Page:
Who was Jack the Ripper?
Last month the author of a new book entitled Naming Jack The Ripper said he had irrefutable evidence that the notorious serial killer who terrorized London in the late 1880s was a Polish émigré named Aaron Kosminski.
The author, Russell Edwards, went so far as to say that "only non-believers that want to perpetuate the myth will doubt his contention."
Doubt, however, is exactly what's surrounding Edwards’ claim, which has been called into question by a scathing follow-up report published this week by The Independent.
Edwards had enlisted the help of forensics expert Dr. Jari Louhelainen, a senior lecturer in molecular biology at Liverpool John Moores University, to analyze a bloodstained shawl that purportedly had been retrieved from the murder scene of Catherine Eddowes, one of Jack the Ripper’s victims.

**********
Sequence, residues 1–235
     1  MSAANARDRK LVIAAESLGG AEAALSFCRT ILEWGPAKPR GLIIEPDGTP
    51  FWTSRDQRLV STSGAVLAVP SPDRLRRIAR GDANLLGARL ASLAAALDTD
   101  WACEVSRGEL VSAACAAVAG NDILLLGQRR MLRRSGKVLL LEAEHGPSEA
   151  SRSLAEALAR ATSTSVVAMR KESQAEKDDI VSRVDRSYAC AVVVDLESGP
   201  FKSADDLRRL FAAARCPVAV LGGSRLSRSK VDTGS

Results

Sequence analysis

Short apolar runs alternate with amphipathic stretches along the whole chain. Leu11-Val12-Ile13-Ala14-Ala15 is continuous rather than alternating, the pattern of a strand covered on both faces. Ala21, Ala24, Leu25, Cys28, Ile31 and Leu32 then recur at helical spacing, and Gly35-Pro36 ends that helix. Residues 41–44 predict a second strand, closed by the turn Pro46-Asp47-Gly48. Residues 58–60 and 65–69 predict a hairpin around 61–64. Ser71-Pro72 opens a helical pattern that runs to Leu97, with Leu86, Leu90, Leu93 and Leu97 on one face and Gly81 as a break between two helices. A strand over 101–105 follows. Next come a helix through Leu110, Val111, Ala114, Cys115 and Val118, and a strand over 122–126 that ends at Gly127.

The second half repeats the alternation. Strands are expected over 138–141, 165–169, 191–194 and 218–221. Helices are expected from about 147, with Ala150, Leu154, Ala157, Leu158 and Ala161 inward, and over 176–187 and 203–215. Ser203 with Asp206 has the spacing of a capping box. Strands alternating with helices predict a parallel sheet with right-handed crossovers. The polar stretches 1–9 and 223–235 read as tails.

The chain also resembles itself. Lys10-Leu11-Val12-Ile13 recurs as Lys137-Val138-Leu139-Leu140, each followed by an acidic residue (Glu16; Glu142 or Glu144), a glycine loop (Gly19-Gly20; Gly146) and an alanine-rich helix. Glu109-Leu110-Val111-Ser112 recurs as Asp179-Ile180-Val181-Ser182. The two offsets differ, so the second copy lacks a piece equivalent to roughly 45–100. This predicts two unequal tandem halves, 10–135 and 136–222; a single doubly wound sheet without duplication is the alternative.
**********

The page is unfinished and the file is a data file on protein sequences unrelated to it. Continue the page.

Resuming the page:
Louhelainen reportedly extracted fragments of mitochondrial DNA from the fabric, later matching these with DNA taken from living descendants of both Eddowes and Kosminski. But The Independent says Louhelainen may have erred in the way he matched the DNA samples.
Louhelainen said the DNA from the shawl and from one of Eddowes' descendants contained 314.1C, a mutation that is found in only 1 in 290,000 people in the general population. But several scientists who contributed to the Independent story -- including Dr. Alec Jeffreys, the British geneticist credited with inventing DNA fingerprinting -- said Louhelainen was wrong. The mutation wasn't 314.1C, they said, but 315.1C -- a mutation shared by more than 99 percent of people of European descent.
“If the match frequency really is 90 percent plus, and not 1/290,000, then obviously there is no significance whatsoever in the match between the shawl and Eddowes' descendant, and the same match would have been seen with almost anyone who had handled the shawl over the years,” Jeffreys told the Independent.
And so the Jack the Ripper saga continues.